Social Aspects of Pipe Smoking at Fort Vancouver

Photo of white clay tobacco pipe fragments
A pile of tobacco pipe fragments excavated at Fort Vancouver NHS.

NPS Photo

By Archaeologist Katie Wynia

Tobacco in the fur trade is often associated with its role as a trade good and its use in business negotiations. It certainly played a significant part in trade, but was also part of the wider fur trade culture as a common habit amongst employees. Documentary and archaeological evidence indicates residents at Fort Vancouver frequently used tobacco. As a shared and social practice, tobacco consumption aided users in the multi-ethnic community to cross cultural boundaries.

Many fur trade participants used tobacco, but their ethnic backgrounds influenced their views on consumption. Europeans viewed tobacco as a recreational, social drug due to its history as "a uniquely social substance" (Norton 2008: 159) since the late 16th century. For some Native American groups the plant had other ceremonial and spiritual connotations. In business relations, fur traders often exploited these connotations to build trading alliances and more easily achieve their goals. The shared usage of tobacco also provided a kind of shared "language and humanity" between Native Americans and Europeans (Von Gernet 1988:245). Other cultural groups in Fort Vancouver's diverse workforce likely brought additional views, as tobacco was available worldwide since the mid-1600s. Despite these differences, evidence points to widespread tobacco usage amongst the fur trade population.

The documentary records at Fort Vancouver indicate most employees and their families used tobacco. Employees could purchase tobacco and clay pipes at the Sale Shop, and their daily work schedule included two smoking breaks. Various historical accounts record tobacco smoking accompanying social activities. For employees, smoking tobacco was part of their daily work routine and their leisure time.

Archaeological evidence suggests tobacco smoking was a common and social activity. Clay tobacco pipe fragments are found in high numbers by archaeologists excavating at Fort Vancouver National Historic Site. Occasionally the fragments cluster in certain locations, often interpreted as smoking areas. Inside the fort stockade, these areas include the southeast corner of the Chief Factor's House. This locale is believed to represent a meeting place along the path of traffic between the house and the Bachelors' Quarters - here, smoking was social.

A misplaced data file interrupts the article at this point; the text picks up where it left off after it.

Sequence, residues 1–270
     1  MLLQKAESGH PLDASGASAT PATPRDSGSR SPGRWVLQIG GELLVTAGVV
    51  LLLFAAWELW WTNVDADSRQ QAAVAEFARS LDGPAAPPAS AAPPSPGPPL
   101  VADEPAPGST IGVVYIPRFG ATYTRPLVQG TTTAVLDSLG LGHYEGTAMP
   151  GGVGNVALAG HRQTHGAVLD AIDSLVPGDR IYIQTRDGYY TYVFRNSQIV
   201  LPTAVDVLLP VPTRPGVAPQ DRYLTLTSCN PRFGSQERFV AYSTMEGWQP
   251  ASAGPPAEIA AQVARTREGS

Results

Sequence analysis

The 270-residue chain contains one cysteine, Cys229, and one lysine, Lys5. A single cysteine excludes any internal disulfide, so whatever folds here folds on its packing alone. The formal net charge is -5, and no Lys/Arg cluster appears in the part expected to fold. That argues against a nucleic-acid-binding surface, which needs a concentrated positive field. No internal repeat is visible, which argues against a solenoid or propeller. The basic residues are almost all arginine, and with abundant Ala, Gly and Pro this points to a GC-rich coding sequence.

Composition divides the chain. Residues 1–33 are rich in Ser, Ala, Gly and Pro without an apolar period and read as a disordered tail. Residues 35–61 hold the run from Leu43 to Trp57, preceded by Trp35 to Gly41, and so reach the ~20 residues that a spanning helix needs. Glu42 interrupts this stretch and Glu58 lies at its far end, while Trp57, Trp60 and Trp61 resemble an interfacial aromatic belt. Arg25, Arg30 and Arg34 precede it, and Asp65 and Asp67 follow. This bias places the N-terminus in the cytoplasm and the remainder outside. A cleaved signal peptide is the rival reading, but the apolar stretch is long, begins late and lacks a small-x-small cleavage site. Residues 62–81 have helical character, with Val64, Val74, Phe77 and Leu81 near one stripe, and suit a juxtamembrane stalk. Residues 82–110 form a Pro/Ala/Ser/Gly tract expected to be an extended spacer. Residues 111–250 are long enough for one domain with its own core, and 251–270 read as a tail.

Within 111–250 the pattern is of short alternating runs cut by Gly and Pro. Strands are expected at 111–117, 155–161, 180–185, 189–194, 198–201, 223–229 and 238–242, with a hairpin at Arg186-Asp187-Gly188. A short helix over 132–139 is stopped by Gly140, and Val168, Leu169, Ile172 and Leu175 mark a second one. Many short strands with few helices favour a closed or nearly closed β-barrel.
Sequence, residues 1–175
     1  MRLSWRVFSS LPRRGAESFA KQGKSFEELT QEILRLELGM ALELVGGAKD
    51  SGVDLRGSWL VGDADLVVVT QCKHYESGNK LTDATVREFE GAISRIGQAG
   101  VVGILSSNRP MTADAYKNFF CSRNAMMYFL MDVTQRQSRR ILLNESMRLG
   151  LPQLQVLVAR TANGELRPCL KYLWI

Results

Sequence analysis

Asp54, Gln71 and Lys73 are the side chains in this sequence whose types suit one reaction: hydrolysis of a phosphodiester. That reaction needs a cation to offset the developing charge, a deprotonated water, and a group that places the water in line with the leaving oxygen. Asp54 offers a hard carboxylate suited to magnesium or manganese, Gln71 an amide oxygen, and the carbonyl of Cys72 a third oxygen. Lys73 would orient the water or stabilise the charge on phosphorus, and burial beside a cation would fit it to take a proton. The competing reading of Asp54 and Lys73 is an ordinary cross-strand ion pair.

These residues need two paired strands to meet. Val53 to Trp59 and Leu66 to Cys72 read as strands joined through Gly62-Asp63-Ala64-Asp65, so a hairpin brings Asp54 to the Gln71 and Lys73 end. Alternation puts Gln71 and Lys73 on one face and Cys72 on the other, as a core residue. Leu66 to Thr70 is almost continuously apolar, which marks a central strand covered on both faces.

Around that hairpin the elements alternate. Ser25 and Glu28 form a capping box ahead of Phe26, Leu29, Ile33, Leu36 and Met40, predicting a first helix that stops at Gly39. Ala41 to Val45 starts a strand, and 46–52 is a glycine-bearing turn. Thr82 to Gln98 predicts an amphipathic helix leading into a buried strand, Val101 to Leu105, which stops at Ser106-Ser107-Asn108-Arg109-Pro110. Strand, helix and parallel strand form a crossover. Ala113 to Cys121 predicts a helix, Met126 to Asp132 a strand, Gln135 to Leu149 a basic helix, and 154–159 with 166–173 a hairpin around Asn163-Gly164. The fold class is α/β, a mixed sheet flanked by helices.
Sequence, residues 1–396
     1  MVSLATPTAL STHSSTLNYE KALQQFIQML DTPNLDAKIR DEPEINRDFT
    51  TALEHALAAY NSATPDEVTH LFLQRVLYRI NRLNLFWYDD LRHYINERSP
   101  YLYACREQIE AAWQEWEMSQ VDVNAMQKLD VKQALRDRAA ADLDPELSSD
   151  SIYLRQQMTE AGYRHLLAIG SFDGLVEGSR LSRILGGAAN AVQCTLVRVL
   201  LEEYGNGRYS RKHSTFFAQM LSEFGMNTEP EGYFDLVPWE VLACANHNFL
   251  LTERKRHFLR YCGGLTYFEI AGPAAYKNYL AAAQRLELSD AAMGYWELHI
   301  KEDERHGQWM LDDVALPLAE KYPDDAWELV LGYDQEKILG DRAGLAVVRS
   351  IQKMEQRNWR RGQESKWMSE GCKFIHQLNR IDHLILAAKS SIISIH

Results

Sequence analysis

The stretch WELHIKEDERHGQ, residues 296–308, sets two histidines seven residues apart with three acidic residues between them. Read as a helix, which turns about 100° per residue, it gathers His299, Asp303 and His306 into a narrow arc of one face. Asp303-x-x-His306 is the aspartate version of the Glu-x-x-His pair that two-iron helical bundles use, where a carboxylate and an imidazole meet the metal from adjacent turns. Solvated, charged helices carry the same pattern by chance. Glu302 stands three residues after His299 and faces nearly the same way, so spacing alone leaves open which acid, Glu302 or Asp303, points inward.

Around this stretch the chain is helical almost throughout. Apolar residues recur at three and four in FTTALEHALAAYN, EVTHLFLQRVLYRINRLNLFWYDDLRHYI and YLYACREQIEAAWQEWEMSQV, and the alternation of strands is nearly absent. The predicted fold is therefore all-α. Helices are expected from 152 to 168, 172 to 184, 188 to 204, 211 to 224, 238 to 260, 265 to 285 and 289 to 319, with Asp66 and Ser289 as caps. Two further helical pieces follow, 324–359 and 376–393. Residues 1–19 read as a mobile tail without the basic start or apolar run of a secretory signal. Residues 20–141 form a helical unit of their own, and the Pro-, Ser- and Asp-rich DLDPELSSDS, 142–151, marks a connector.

In the fort's Village, pipe fragments indicate smoking areas across the landscape and fragments are found near virtually all house sites. This suggests smoking was a shared practice between households. Sociality is implied by the location of smoking areas. At least five houses have smoking areas next to hearths, representing likely focal points for congregating. Another possible social smoking area is located near the crossroads at the eastern side of the Village. This was perhaps an intentional and/or fortuitous meeting place given its convenient location near the intersection of two high-traffic roads.

Evidence of tobacco use in the fur trade is numerous and suggests it was socially consumed. Traders consumed tobacco with their trading partners to enable trade and employees used tobacco in their daily lives. As with trading relations, the shared practice of tobacco consumption amongst the multi-ethnic residents of Fort Vancouver provided a similarity to relate to one another amongst many differences. The commonality of tobacco usage amongst virtually all players made it an inseparable and significant aspect of the fur trade culture.

Bibliography

Norton, Marcy. 2008. Sacred Gifts, Profane Pleasures: A History of Tobacco and Chocolate in the Atlantic World. Cornell University Press, Ithaca.

Von Gernet, Alexander D. 1988. The Transculturation of the Amerindian Pipe/Tobacco/Smoking Complex and its Impact on the Intellectual Boundaries Between "Savagery" and "Civilization," 1535-1935. Doctoral dissertation, Department of Anthropology, McGill University, Montreal, Quebec. National Library of Canada, Canadian Theses Services, Ottawa.

Last updated: November 29, 2017